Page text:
Articles

Post image for Tracing a Line Between Conceptualism and Blackness

The soothing piano music and soulful singing of Marian Anderson’s “Trampin’” filled the auditorium as artist Adam Pendleton began his performance at the Museum of Modern Art.

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Hans-Ulrich Obrist

LOS ANGELES — The art world has a lot of feelings about Instagram. On a humid Saturday night in Los Angeles, the roving cultural hub ForYourArt spilled their #instaguts about it all through the Instagram Mini-Marathon.

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Post image for The Real Life Politics of Palestinian Art in New York

Last night’s opening of Khaled Jarrar’s two-part exhibition No Exit at Whitebox Art Center and the related 10 Days, 10 Ideas workshops at Undercurrent Projects was a window into the art world realities facing Palestinian artists in the midst of the escalating violence in Gaza, the West Bank, and Israel.

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Post image for Scaling the Spires of Cambridge with 1930s Urban Explorers

Back in the 1930s, a group of amateur climbers scaled the centuries-old Gothic stonework and shaky water pipes to reach the spires of the Cambridge colleges.

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Eduardo Sarabia exhibition at Cabañas Cultural Institute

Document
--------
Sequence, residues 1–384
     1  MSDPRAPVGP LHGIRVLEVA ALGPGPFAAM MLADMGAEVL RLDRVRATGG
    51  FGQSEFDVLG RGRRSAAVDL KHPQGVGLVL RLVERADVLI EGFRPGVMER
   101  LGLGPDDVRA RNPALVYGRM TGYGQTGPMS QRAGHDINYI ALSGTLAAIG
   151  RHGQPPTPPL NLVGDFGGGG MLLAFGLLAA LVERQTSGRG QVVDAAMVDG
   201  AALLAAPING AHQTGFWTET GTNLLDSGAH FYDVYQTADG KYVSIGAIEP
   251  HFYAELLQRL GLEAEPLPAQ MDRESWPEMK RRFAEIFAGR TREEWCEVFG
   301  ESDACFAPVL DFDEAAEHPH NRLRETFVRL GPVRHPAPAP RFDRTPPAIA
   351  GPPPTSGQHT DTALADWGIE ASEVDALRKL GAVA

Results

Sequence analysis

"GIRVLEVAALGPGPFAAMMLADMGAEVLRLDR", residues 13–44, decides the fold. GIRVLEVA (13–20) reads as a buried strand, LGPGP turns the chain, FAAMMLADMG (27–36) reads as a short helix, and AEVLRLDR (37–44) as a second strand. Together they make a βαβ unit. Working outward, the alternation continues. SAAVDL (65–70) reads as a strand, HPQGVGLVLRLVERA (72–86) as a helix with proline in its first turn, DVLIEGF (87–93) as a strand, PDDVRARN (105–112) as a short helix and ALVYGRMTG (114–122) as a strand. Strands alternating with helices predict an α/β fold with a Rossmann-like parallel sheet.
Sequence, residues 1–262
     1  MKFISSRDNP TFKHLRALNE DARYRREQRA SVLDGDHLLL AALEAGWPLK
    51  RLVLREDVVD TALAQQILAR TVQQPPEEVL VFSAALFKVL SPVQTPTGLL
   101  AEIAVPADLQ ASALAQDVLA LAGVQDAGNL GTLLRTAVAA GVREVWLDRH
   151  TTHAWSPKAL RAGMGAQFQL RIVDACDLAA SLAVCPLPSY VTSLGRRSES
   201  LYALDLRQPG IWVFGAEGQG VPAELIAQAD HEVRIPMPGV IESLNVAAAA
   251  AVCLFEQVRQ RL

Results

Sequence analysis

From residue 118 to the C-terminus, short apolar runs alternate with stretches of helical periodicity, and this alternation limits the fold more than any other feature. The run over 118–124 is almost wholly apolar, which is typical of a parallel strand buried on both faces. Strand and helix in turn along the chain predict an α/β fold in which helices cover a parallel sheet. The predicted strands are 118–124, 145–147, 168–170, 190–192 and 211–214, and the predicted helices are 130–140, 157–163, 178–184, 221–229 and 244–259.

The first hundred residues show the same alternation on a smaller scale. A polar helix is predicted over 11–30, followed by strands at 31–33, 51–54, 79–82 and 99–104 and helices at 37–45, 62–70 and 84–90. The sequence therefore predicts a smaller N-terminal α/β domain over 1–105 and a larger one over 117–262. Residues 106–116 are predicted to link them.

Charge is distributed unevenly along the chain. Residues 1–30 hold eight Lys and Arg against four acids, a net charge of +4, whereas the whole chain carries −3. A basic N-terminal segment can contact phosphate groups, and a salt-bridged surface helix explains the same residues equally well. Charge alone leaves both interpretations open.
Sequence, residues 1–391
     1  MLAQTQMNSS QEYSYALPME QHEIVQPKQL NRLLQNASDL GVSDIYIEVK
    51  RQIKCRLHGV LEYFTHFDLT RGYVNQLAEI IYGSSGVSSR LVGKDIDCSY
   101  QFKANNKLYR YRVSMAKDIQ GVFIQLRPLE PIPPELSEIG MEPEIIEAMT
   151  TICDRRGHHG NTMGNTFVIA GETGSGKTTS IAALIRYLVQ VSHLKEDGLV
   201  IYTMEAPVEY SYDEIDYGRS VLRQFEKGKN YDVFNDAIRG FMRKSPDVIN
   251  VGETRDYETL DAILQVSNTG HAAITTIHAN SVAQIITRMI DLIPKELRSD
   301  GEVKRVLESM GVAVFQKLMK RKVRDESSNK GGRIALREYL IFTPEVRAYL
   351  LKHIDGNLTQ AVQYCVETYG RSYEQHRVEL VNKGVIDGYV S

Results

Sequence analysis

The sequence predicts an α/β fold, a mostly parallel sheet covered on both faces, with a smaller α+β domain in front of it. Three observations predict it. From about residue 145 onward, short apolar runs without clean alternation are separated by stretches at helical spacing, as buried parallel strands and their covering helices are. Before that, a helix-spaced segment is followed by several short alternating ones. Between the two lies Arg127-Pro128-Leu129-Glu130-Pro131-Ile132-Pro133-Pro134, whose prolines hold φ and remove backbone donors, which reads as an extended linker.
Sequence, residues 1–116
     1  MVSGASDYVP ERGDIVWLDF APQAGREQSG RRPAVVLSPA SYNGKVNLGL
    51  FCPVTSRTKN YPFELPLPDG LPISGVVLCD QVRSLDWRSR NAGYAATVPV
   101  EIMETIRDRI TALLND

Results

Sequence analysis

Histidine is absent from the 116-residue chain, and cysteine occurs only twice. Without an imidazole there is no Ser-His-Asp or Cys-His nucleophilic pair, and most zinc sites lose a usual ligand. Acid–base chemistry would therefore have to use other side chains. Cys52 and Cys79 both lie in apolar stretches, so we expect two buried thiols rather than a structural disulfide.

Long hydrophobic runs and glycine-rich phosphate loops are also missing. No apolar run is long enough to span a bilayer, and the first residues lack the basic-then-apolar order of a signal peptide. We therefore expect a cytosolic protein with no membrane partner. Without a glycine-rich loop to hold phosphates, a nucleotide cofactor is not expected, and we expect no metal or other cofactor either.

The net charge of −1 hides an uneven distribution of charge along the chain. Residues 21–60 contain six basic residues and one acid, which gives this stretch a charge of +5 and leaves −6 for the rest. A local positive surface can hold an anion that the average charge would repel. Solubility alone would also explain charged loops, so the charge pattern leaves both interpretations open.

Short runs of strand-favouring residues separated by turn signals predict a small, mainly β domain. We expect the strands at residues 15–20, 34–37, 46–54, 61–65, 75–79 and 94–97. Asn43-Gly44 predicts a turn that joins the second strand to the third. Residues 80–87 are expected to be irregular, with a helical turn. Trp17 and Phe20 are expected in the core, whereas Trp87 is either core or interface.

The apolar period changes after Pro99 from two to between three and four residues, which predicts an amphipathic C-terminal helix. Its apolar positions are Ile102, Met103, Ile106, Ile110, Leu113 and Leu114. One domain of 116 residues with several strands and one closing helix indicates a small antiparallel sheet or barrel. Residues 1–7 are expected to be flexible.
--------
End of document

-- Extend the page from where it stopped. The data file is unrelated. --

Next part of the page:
Fifteen years ago, the Mexican-American artist Eduardo Sarabia traveled from his home in California to Guadalajara, the Mexican city where the most powerful drug traffickers’ families are rumored to reside.

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Post image for The Yak Brains and Crushed Insects That Made Tibetan Buddhist Bookmaking Beautiful

From the earthy mineral pigments ground from azurite to paint a sky, to paper given its luster from yak brains, the creation of Tibetan Buddhist texts is being examined down to its bare materials at the University of Cambridge’s Museum of Archaeology and Anthropology.

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A Fete Worse Than Death 2014

LONDON — Genius, unskilled manager, talented art dealer, troublemaker: the figure of Joshua Compston is one of inconsistencies and contradictions, even 18 years after his death.

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Post image for A View from the Easel

Artist studios from California, Maryland, Massachusetts, Michigan, and Mississippi.

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Harold Edgerton,

Back in the 1930s, an electrical engineer from Nebraska, working at MIT, developed the first “strobe” flash for photography, changing the way motion is documented.

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Post image for Humanizing a Historic Brain Collection

A curious thing about medical collections is how dehumanizing they can be.

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